(AP Photo via militant social media account)

"The Prophet ordered us to get rid of statues and relics," the man says, "and his companions did the same when they conquered countries after him."

The Mail reports that one of the museum artifacts destroyed dates back to the 9th century B.C. This most recent rampage follows the bombing of Mosul Public Library at the hands of ISIS militants. Priceless "idolatrous" maps and manuscripts from the Ottoman Empire are assumed to have been destroyed because they "promote infidelity and call for disobeying Allah."

Fightin' words
2:27 p.m. ET
Mark Wilson/Getty Images

The Conservative Political Action Conference (CPAC) kicked off yesterday, and Sen. Rand Paul (R-Ky.) warned that one of his rivals might not be received with open arms when it's his turn to present his ideas in front of the thousands of conservatives who gather to hear movement bigwigs make their case.

Despite having a brother and father as former presidents, Paul said Gov. Jeb Bush (R-Fla.) may face a "kind of a difficult crowd" at CPAC on Friday because he's not right-wing enough.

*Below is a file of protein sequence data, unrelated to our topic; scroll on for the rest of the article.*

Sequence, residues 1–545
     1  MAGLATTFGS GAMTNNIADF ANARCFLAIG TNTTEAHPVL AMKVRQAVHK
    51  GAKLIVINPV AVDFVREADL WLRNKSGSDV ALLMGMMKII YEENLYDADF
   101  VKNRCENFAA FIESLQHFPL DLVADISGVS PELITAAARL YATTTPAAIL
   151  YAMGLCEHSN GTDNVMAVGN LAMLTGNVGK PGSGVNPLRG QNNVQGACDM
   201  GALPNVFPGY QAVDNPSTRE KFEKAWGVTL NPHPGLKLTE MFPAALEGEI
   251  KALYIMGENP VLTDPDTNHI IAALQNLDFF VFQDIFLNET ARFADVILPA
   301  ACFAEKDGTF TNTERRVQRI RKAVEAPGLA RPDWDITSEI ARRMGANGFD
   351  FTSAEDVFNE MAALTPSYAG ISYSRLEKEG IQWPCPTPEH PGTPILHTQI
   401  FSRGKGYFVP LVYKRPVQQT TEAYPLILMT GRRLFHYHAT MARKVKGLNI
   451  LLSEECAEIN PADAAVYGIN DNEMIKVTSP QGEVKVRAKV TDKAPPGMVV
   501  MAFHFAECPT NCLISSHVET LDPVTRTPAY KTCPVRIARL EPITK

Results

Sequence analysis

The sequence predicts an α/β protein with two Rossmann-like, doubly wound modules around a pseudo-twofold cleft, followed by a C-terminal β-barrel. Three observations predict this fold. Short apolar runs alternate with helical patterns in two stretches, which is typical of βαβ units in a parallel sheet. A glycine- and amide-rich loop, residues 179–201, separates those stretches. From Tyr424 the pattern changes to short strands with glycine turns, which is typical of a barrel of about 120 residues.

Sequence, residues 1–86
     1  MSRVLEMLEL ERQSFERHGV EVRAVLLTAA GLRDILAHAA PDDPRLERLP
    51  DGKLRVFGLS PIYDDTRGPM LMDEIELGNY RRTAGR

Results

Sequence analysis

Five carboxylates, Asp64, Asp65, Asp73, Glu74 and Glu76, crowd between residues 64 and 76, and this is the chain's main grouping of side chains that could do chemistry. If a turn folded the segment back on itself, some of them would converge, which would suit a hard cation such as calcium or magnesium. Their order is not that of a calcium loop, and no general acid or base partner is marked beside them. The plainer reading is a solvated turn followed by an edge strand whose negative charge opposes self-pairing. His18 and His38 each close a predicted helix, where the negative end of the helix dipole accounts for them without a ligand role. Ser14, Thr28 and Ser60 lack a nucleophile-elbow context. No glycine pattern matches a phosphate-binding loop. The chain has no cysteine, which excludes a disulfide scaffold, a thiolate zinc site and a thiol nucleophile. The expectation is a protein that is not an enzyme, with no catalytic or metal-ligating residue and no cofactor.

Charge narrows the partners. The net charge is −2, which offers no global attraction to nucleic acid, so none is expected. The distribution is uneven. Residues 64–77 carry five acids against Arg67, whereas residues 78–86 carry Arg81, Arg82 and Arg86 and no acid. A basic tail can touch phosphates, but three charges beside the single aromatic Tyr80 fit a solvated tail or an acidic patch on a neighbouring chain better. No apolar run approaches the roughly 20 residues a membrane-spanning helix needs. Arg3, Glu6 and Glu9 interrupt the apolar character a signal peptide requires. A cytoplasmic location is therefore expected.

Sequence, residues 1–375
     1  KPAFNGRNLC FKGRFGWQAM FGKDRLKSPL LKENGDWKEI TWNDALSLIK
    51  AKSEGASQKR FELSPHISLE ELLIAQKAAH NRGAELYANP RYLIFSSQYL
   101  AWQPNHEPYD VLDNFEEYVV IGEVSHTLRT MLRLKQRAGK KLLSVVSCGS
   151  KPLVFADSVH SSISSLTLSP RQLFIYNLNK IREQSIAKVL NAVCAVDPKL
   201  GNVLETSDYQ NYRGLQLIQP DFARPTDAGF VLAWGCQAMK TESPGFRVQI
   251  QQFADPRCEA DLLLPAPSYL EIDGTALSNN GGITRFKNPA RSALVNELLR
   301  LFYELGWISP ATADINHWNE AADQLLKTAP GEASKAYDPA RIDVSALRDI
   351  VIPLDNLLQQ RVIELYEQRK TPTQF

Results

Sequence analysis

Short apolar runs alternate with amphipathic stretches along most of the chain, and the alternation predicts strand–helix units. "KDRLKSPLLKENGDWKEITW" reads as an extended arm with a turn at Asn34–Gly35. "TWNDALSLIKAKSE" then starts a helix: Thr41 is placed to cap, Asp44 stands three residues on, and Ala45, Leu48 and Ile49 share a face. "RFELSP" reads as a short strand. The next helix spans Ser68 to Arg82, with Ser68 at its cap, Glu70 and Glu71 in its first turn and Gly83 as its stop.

"There's definitely a place for moderates," Paul said on Fox News' The Kelly File, "but it may not be quite the same level of enthusiasm for moderates at this conference."

Bush has angered the conservative base in the past for his more liberal stance on certain issues such as Common Core and immigration.

top dog
2:19 p.m. ET

Who's a good dog?

The American Kennel Club has released its annual list of the country's most popular dog breeds, and Labrador retrievers came out on top. The announcement marks labs' 24th year at the top of America's hearts. Labs have made the top 10 list every year since the 1970s, according to The Associated Press.

Bulldogs are also on the rise, reaching number four on the most-popular list, an all-time high for the breed. And French bulldogs are in the top 10 for the first time in almost 100 years.

German shepherds, beagles, and golden retrievers rounded out the top five most popular breeds, and Yorkshire terriers, poodles, boxers, and Rottweilers all made the top 10.